By Jeremy Anderson

As this next summer of Alaska fishing gets closer to reality it’s time to think about what gear you need to have a great trout season. There is gear that helps you catch more fish and be more organized. There is also gear that helps you release trout back into the water safely and efficiently. It is our duty as trout fisherman on the Kenai River (and all other waters) to treat these trout with respect and to care for them properly.

Release Tools:

There are several types of release tools that you can make or purchase. If you use a release tool for the fish you are not going to net then you literally do not have to touch the fish, which eliminates the opportunity for a human hand to pull the slime off the body of the trout. This is important for small fish to remain healthy so they can become big fish. If we catch 50 fish in a day trout fishing I use the release tool for about 40 of the fish and a rubber net for the other 10. That means that I only touched 20% of the fish that we caught that day. The fish never came out of the water. Email for information on release tools.

Big Rubber Nets:

Having a large rubber net is very important for the rainbow trout to remain healthy while you are dealing with your fish. Having a big rubber net allows the rainbow trout to remain in the water without the fish wanting to swim out. Fisherman that use smaller rubber nets often lift the net mostly out of the water so the fish doesn’t jump out. They keep the fish in the net but the trout is then out of the water and probably not breathing correctly. Frabill and Ranger make the best large rubber nets. They have long handles, deep buckets and last a long time; these nets cost roughly $90 to $110 each.

Dun Rite Measuring Board:

A good measuring board is crucial for accurately measuring your fish quickly without taking it out of the water. The board opens up and can measure a fish up to 60 inches long. So for trout fishing it is perfect because when it is not open it is 30 inches long. You can easily slide the fish onto the measuring board and butt the nose of the fish in the board. Make sure the fish is flattened out (and still breathing in the water) and you have an instant measurement. Do not measure the fish out of the water. This board also floats so it is very easy to do it over the side of the boator when pull over to shore. Don’t go trout fishing without one of these boards if you want an accurate measurement with the least possible amount of fish-handling.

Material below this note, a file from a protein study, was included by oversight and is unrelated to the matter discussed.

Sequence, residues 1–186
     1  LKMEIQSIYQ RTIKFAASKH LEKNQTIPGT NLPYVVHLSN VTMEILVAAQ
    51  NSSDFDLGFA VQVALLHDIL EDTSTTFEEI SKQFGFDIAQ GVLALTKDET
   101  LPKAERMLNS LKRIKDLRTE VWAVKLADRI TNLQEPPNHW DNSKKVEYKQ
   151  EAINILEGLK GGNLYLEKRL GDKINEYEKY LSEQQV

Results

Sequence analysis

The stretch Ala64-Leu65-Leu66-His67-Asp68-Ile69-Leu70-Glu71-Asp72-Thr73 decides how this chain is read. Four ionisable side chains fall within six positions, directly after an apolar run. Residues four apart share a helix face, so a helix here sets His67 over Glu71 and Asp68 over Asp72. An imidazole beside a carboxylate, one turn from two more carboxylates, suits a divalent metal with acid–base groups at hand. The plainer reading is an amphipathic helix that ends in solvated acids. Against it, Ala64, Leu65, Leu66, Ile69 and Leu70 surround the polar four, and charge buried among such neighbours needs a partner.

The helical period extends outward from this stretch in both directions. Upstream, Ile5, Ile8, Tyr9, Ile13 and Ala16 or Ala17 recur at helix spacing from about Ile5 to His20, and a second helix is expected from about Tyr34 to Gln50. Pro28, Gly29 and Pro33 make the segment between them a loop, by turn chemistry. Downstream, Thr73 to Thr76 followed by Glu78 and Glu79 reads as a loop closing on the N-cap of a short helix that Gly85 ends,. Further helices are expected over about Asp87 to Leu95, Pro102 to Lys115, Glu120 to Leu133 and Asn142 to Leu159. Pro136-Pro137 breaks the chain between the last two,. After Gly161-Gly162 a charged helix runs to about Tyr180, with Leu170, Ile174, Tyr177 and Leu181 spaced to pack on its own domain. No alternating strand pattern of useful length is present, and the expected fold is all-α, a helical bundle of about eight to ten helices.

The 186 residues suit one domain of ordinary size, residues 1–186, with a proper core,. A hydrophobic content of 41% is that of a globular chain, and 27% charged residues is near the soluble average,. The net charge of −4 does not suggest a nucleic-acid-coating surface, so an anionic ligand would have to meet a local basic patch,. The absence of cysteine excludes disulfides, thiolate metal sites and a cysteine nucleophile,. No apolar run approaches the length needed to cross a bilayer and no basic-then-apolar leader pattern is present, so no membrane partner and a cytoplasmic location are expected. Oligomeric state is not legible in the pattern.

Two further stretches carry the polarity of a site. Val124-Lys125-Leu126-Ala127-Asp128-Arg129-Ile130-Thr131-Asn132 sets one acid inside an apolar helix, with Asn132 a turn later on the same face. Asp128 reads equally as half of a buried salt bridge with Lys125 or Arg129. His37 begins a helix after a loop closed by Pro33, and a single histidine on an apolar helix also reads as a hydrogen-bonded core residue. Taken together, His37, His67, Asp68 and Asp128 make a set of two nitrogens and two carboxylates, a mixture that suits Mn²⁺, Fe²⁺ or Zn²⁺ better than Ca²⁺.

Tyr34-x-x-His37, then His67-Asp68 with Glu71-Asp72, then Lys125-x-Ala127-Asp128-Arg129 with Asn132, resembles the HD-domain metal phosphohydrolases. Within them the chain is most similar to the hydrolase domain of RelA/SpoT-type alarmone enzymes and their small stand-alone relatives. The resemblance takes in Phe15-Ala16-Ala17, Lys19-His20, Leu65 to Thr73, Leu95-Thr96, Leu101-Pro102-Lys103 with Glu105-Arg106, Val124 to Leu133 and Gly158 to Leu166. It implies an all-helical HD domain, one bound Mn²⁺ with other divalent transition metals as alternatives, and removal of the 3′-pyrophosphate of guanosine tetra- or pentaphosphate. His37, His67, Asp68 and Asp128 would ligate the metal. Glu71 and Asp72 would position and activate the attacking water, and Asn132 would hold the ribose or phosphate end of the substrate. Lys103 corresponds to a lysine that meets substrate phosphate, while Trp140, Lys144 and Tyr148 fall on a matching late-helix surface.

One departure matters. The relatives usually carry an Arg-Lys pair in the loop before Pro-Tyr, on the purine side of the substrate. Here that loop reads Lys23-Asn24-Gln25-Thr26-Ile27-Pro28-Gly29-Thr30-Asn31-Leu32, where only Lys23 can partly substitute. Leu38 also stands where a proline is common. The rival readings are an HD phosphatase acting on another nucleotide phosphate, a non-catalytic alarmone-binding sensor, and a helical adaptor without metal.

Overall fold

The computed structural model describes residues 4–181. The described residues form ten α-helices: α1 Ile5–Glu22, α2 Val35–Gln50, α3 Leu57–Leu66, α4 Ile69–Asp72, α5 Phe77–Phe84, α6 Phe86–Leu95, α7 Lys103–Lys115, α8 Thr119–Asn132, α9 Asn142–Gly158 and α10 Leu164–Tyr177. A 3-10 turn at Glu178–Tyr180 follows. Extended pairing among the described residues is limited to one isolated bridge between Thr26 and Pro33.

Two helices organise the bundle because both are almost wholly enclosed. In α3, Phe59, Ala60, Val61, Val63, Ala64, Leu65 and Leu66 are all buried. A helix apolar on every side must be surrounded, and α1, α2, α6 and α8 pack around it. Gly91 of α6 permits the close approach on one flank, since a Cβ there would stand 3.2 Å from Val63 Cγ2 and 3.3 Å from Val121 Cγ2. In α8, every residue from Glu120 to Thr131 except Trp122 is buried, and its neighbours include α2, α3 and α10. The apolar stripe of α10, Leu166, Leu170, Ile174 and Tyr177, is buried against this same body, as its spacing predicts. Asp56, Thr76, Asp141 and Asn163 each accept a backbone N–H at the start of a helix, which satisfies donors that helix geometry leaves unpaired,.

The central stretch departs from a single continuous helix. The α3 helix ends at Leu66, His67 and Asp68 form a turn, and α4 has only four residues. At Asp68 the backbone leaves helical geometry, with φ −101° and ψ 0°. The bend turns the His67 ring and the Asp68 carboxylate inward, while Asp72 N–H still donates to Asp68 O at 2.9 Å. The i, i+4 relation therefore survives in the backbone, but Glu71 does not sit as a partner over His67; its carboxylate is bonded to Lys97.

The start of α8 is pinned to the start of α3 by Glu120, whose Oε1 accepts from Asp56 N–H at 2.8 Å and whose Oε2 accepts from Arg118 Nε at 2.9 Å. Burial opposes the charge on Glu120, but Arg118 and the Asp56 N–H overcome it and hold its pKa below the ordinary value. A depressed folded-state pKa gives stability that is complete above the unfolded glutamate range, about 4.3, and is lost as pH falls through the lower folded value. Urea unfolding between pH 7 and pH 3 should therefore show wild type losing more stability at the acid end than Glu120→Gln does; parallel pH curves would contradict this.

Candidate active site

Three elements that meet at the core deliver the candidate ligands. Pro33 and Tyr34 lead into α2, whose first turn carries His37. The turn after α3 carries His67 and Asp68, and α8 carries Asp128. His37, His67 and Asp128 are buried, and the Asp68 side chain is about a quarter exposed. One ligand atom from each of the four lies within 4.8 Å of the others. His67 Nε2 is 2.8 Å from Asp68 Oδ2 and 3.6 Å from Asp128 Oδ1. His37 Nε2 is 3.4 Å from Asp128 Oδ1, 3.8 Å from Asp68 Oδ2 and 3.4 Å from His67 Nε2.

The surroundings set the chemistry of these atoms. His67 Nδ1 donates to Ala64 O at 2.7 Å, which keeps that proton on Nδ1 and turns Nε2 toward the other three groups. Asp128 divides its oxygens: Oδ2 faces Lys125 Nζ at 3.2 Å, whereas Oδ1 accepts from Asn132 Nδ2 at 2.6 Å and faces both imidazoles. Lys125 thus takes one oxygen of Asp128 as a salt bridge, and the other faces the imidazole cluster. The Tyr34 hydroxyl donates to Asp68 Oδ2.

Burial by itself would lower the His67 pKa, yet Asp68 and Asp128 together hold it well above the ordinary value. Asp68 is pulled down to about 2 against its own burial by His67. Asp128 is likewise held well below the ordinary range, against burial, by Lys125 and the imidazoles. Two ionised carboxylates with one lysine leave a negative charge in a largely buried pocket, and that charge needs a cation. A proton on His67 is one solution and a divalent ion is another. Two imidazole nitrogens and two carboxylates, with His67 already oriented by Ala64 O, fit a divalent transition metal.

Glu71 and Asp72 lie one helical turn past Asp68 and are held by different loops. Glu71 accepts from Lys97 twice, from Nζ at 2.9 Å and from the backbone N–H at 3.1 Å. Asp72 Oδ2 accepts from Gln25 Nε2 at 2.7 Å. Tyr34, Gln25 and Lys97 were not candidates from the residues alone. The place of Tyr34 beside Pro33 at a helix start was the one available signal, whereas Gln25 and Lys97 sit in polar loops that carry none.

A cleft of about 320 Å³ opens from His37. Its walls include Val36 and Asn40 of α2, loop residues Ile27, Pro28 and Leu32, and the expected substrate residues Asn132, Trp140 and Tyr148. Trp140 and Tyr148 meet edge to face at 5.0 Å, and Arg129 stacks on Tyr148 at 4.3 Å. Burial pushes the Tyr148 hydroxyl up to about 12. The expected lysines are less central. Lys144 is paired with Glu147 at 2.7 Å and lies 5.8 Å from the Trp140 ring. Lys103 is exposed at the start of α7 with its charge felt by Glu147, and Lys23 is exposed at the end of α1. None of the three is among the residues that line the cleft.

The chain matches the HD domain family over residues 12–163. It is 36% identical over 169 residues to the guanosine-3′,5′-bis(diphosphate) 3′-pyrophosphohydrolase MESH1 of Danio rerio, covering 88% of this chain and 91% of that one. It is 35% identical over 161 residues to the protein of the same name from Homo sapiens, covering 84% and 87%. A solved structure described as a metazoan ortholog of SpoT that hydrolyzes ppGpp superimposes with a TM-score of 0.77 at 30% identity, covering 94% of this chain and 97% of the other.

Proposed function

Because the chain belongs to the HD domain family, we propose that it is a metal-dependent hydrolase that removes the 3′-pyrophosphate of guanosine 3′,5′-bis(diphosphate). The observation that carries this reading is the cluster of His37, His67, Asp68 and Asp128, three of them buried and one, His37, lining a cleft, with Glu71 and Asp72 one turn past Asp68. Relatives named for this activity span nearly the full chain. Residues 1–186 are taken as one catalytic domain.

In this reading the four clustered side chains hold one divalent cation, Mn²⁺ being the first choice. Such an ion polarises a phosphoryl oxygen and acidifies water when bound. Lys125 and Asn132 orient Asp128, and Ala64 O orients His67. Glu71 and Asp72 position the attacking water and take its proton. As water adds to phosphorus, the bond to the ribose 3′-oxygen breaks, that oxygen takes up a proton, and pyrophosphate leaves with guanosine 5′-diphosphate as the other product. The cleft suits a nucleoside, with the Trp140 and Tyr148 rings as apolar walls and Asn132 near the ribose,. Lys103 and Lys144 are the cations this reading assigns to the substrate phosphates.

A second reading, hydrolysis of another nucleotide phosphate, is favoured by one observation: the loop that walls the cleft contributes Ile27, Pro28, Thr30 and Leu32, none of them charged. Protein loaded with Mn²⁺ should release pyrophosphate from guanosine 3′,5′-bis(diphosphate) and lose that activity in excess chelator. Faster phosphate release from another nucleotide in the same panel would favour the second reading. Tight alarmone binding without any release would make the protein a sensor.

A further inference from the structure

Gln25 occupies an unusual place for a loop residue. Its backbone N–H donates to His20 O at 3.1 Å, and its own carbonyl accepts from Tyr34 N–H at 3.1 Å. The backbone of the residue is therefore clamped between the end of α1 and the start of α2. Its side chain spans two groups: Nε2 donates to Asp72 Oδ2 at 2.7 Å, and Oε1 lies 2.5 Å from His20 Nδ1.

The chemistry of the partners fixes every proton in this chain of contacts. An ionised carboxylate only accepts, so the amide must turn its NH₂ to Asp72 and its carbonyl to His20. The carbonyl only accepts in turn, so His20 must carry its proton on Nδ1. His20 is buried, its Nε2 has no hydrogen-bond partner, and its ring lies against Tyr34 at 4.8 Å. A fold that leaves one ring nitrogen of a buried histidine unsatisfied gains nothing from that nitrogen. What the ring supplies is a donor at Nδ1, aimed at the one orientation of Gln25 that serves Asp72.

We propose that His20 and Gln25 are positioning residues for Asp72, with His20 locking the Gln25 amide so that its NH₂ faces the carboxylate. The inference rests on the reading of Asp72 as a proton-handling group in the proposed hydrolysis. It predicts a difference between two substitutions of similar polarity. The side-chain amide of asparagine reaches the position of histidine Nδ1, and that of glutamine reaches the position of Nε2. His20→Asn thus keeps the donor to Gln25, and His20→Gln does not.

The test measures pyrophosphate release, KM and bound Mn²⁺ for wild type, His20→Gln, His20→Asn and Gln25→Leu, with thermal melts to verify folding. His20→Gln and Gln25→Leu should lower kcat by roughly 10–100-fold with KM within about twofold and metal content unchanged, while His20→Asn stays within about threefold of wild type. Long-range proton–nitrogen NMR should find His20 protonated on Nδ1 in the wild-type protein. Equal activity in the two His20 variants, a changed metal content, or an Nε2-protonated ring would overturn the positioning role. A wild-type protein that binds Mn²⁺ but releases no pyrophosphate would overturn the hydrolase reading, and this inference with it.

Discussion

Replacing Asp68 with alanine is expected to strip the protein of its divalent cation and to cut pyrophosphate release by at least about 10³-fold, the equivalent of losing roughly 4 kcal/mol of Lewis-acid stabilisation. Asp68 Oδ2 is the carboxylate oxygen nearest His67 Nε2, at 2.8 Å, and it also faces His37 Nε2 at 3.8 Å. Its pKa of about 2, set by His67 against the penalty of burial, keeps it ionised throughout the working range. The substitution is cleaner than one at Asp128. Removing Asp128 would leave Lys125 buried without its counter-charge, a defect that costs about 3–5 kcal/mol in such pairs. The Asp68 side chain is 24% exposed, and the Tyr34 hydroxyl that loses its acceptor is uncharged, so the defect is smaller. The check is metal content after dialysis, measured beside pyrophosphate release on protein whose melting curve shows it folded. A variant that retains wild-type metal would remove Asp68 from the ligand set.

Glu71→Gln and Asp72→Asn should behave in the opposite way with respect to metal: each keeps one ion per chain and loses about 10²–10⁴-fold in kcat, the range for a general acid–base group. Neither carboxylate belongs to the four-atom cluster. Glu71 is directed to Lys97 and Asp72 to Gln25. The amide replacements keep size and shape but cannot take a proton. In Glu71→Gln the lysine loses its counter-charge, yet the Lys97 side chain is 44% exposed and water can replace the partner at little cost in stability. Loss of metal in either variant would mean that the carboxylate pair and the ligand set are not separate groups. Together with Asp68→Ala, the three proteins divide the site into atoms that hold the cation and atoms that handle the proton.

P-Line Hydro Float:

This product is critical if you are going to spin-fish for rainbow trout with a bobber. Float fishing, the type of fishing being described here, is one of the most deadly ways to catch rainbow trout on the middle and lower Kenai River. You use a slip bobber with a leader and dead-drift your fly or bead through the hole. To maximize your drift, it is important to have a floating line from the bobber to the reel so you can have proper line management. P-Line Hydro Float is the ticket. It is almost like a braided line, thin and strong, but has a coating on the line that makes it float. I recommend the 30-pound line for fishing the Kenai River.

As you embark on the sacred trout journey this summer and fall remember that the fishery really depends on the people fishing it to lead by example. More people have started trout fishing on the Kenai River in the past 10 years than ever before. The more people we get using these fishing products for rainbow trout fishing the healthier our Alaska fishery will be. The Kenai River is a thriving but extremely sensitive fishery. If we take care of the rainbow trout of the Kenai they will grow to be big, old fish and our kids will be able to experience the same fishing we have been able to enjoy.


Jeremy Anderson has guided on the Kenai for more than a decade. He lives in Sterling during the summer months, centrally located to some of the best trout- and salmon fishing waters in the world. During the long Alaska winter Jeremy lives in Girdwood where he works as Director for Challenge Alaska Adaptive Ski School . For more information, visit the Alaska Drift Away website at